T-Mobile reports that Binge On users stream twice as much video, adds Amazon Video
Although T-Mobile has been causing a number of kerfuffles with their controversial Binge On program, the numbers they’re reporting seem to indicate that users really get a kick out of it. In a press releases today, the “Un-carrier” announced that Binge On customers spend twice as many hours per day streaming video than they did prior to the service being rolled out.
Apparently, this increase in streaming isn’t limited to services included in the Binge On program. Although partners in the service have seen a marked increase in viewership, some receiving as much as a 79% jump in daily users, even non-partnered streaming services are getting up to a third as much attention from Binge On users.See also: John Legere apologizes to EFF but continues to defend Binge On
T-Mobile reports that over 34 petabytes of free video content has been streamed through Binge On since it’s start last year. They attempt to make this figure more comprehensible by comparing it to 109 million episodes of Game of Thrones.
In addition to announcing these numbers, T-Mobile also revealed that they have partnered with Amazon Video and three other major streaming services: Fox News, Univision Now, and the WWE Network. Although the three smaller services are nice, the big deal here is Amazon Video, a large streaming service that’s still going through growing pains but which hopes to someday rival Netflix and HBO.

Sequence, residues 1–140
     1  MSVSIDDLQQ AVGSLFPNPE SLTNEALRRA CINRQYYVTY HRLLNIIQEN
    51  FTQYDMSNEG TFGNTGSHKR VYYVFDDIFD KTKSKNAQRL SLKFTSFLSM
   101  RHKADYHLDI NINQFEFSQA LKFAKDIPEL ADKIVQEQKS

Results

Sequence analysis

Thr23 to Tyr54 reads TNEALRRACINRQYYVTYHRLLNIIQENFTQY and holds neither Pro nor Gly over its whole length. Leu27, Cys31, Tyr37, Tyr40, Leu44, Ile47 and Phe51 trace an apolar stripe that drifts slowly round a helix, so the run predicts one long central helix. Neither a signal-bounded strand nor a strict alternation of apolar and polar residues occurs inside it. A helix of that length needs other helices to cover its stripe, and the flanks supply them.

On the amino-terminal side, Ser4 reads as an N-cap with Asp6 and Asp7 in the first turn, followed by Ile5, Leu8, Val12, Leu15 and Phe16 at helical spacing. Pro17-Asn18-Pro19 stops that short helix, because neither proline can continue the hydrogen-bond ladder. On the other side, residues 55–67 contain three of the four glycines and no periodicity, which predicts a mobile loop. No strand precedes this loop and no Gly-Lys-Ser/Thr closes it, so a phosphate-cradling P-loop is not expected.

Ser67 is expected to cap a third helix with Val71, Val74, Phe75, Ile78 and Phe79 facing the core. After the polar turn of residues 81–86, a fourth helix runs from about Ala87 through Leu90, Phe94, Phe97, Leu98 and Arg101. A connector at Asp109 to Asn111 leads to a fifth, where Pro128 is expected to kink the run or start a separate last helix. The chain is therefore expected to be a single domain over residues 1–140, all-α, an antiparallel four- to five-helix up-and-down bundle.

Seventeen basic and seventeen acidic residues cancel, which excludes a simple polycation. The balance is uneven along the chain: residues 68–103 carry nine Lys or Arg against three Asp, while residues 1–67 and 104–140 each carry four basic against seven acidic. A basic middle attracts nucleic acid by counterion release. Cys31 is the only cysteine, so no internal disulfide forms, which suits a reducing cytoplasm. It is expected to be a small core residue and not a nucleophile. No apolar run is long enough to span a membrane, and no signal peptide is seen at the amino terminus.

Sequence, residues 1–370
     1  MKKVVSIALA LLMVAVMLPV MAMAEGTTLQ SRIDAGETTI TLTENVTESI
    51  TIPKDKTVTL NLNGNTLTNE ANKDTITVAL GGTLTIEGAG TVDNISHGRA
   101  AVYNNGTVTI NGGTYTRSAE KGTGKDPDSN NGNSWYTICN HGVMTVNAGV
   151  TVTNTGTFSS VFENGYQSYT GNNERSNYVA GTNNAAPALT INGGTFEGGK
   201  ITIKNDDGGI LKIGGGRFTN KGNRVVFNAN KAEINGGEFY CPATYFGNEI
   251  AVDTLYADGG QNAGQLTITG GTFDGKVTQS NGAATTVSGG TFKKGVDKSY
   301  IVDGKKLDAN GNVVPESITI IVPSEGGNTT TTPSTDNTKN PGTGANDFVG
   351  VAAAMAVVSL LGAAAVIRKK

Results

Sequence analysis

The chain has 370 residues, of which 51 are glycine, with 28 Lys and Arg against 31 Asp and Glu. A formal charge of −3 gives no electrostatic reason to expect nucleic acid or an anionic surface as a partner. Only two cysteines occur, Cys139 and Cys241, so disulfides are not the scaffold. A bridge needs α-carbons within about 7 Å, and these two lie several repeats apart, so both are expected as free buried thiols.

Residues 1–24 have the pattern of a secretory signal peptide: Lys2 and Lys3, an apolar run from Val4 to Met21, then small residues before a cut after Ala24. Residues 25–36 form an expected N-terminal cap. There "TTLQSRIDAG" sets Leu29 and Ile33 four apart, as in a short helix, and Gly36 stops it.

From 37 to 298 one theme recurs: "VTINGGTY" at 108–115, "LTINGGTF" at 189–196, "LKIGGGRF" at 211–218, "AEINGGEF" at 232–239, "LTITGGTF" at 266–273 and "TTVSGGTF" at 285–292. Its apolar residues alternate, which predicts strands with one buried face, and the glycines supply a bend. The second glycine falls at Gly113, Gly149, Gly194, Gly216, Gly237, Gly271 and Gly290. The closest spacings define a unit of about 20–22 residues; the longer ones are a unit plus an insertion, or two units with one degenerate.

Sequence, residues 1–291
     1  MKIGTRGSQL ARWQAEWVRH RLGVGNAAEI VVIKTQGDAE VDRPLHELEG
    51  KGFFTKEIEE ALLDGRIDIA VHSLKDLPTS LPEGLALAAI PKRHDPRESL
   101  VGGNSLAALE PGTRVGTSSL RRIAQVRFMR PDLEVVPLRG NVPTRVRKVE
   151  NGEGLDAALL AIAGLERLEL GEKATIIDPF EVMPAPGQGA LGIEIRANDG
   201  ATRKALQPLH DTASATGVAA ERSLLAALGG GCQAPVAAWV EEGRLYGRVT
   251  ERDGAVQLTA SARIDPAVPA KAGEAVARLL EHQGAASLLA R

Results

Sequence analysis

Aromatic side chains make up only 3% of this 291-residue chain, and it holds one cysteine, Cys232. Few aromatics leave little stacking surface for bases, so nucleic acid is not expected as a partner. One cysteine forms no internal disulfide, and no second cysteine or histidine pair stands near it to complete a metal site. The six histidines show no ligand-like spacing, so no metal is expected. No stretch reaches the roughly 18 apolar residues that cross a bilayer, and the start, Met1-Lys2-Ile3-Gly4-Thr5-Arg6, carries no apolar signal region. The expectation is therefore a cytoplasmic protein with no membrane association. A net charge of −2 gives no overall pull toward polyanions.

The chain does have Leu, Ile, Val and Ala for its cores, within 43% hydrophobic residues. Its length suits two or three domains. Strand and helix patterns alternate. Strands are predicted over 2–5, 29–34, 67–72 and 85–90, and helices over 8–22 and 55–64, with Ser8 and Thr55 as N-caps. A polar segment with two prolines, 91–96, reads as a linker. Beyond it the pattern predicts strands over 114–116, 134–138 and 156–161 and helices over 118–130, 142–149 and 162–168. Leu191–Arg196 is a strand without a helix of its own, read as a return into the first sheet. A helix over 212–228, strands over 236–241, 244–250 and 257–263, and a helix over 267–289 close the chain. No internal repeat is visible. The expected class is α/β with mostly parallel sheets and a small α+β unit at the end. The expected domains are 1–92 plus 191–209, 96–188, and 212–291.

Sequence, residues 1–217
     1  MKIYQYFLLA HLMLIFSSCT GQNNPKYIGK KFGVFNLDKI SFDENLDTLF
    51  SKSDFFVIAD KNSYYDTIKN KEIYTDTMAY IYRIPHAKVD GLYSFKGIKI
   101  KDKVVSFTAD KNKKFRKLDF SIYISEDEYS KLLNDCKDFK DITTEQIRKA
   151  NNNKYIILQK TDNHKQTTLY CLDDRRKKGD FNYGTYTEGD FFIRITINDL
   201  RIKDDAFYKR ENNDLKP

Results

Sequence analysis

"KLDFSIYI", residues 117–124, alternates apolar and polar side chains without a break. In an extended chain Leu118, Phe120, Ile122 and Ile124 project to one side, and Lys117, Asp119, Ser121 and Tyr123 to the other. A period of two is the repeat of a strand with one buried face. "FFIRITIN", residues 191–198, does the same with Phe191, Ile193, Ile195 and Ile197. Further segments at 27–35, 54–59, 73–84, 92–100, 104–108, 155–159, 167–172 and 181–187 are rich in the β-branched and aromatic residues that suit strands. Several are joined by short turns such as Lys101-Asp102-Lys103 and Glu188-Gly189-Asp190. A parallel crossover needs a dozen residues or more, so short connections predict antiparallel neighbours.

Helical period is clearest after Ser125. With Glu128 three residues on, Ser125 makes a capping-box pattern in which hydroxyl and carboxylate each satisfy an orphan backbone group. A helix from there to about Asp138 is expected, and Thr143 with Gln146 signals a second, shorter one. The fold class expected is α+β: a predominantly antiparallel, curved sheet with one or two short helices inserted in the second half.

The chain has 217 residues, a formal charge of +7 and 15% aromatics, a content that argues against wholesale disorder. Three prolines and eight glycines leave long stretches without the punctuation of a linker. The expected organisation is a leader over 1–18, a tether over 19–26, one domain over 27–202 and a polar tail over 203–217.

CEO John Legere boasted that Binge On is T-Mobile’s “most disruptive Un-carrier move yet.” He went on saying, “It has literally changed the way millions of people are watching video – they’re watching more, more than twice as much as before, and most importantly, they’re watching without worrying about bigger bills or surprise overages! Binge On is the Un-carrier solution to satisfy Americans’ growing appetite for mobile video – and the facts are telling us that customers love it!”
If these figures are accurate, then it does seem like Binge On users are enjoying their service in spite of the cut in video quality that comes with the territory. The controversial program has drawn fire from YouTube, Google, and even the EFF, with concerns as large as “net neutrality” getting thrown around. John Legere has repeatedly defended Binge On, comparing it to an economy setting on an automobile. The “optimized” video consumes less mobile data for streaming services across the board but still delivers image quality that Legere claims is on-par with DVDs.